NEW YORK BANS THE SALE OF DOGS, CATS, AND RABBITS FROM PET STORES
New York is the latest state in the United States to ban the sale of dogs, cats, and rabbits from pet stores.
The new law, which was signed by Gov. Kathy Hochul and takes effect in 2024, lets pet shops work with shelters to offer rescued or abandoned animals up for adoption.
The new legislation aims to crack down on controversial commercial breeding operations, also known as “puppy mills.” Dogs sold in pet stores are frequently sourced from puppy mills.
“This is a very big deal,” said Senator Michael Gianaris in a statement. “New York tends to be a big purchaser and profiteer of these mills, and we are trying to cut off the demand at a retail level.” He added that these businesses treat puppies “like commodities.”
The new law goes into effect in 2024, and it will affect every pet store. However, it will have no effect on private breeders.
New York is following in the footsteps of California, which passed similar legislation in 2017.
Puppy mills are being prosecuted
Puppy mills have long been a source of contention. They are breeding kennels where dogs are raised in filthy and cramped conditions.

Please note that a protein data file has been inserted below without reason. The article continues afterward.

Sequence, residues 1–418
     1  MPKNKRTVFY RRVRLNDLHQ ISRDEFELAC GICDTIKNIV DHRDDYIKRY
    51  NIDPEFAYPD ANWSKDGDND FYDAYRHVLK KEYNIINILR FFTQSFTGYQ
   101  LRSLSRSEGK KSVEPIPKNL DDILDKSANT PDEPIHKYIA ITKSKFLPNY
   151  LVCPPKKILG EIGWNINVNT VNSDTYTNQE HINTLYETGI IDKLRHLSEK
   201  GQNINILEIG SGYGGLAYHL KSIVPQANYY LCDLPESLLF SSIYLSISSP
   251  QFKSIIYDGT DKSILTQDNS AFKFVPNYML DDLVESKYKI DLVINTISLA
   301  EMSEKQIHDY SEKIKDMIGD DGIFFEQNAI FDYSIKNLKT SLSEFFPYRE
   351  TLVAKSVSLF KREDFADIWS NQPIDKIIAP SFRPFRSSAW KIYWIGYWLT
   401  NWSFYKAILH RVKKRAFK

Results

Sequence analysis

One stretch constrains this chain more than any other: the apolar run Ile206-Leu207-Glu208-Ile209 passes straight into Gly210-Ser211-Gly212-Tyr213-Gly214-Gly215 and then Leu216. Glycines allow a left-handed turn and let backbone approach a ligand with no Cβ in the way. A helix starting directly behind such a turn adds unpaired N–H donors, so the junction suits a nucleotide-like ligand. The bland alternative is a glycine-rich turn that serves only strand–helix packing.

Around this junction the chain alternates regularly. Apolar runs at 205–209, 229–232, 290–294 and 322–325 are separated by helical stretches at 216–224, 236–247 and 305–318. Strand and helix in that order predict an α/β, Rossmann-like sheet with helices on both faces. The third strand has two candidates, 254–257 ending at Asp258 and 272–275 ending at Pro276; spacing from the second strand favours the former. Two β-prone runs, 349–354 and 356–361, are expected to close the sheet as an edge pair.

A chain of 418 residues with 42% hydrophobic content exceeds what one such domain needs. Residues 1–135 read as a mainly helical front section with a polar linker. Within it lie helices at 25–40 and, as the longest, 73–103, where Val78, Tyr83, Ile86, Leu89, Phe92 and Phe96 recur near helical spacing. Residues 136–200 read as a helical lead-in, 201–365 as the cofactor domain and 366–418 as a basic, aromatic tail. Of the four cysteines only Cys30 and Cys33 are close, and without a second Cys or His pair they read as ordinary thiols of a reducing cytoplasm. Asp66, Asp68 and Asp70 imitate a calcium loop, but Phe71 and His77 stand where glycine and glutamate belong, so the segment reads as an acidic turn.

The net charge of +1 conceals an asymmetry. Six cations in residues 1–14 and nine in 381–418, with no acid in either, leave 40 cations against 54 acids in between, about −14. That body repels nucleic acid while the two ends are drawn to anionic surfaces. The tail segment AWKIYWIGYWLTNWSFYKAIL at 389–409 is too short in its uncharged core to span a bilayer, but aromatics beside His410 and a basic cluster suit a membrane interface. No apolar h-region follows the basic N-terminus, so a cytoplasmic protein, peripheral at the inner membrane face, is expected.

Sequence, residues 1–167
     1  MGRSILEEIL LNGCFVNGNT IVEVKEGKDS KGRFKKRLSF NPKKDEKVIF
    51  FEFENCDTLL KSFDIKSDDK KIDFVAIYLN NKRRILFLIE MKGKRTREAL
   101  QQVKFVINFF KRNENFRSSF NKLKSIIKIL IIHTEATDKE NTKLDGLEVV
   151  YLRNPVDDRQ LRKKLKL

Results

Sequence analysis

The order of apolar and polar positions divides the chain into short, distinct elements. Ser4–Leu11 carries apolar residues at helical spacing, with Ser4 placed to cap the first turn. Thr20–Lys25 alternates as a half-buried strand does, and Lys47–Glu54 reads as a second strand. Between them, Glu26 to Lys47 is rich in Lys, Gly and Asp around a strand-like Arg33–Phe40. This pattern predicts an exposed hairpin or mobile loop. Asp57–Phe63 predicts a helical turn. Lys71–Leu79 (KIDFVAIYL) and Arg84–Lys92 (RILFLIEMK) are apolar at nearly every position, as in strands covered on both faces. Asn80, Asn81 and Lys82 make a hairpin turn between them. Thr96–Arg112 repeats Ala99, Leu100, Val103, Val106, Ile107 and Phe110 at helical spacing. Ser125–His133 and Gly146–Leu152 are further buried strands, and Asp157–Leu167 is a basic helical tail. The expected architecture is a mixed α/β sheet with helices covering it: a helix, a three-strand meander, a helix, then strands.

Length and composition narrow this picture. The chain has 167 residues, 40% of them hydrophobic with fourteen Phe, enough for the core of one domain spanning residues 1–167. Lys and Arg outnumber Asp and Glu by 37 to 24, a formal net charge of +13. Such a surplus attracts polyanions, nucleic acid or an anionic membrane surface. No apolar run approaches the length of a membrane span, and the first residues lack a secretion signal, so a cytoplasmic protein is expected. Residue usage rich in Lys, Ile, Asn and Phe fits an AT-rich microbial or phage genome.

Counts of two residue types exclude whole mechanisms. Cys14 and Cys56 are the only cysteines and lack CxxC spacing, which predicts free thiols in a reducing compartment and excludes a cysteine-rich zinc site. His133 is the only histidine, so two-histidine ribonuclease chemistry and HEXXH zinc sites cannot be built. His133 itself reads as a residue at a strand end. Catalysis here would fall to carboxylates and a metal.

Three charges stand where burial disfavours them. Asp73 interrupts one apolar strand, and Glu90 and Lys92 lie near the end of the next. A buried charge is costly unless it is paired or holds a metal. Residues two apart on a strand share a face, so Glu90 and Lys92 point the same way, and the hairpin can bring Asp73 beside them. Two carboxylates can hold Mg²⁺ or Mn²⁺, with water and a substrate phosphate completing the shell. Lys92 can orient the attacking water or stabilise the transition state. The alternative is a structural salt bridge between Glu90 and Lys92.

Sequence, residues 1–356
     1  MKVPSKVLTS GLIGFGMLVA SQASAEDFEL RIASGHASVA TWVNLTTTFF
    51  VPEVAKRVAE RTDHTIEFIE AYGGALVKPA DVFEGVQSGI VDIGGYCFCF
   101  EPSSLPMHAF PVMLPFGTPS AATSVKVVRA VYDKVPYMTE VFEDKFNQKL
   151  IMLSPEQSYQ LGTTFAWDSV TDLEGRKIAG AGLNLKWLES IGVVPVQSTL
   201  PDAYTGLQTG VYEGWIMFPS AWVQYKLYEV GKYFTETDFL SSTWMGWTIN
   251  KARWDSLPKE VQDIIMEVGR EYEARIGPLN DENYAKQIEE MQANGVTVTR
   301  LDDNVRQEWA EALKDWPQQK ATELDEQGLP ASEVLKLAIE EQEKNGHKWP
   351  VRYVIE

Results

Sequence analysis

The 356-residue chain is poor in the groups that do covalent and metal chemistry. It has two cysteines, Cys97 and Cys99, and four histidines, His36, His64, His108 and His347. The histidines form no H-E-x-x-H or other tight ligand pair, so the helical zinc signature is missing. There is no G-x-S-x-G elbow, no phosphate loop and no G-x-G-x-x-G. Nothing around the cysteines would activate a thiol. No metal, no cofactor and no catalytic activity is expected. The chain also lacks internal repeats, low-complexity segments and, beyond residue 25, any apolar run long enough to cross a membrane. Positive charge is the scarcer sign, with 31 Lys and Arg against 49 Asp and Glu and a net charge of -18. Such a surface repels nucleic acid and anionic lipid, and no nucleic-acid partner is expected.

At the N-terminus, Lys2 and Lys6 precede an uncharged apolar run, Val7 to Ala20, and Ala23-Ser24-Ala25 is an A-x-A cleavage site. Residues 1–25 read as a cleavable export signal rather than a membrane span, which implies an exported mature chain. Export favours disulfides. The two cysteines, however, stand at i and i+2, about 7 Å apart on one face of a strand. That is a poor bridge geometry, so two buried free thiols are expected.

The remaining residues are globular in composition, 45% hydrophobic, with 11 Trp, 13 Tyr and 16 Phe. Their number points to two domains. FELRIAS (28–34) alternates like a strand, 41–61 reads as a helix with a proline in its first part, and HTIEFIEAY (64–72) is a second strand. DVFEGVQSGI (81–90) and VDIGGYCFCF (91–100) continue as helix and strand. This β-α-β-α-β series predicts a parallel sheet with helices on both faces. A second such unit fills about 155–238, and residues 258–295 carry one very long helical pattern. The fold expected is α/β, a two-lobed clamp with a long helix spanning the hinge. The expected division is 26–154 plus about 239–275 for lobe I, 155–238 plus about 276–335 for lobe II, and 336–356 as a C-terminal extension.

According to PETA, these mills are mostly found in the Midwest, but they can be found throughout the United States. Some dealers also import puppies from other countries.
Puppies born in puppy mills are frequently unhealthy. They may also struggle to socialize as a result of their upbringing. As a result, many are abandoned by their “owners” soon after being purchased.
Pet stores are cruel
Many investigations have revealed that pet stores are frequently filled with cruelty. It has been demonstrated that exploiting animals for profit has a negative impact on their welfare.
A Humane Society investigation in 2019 at a Petland store in Virginia discovered that rabbits were dying and were not receiving medical care.
The two-month undercover investigation revealed that the store did not appear to have a policy requiring veterinary care for the rabbits. One employee reportedly said “we just let them die” when they get sick.
It was also discovered that the rabbits were obtained from an unlicensed rabbit mill. This mill housed approximately 200 animals in filthy and overcrowded conditions.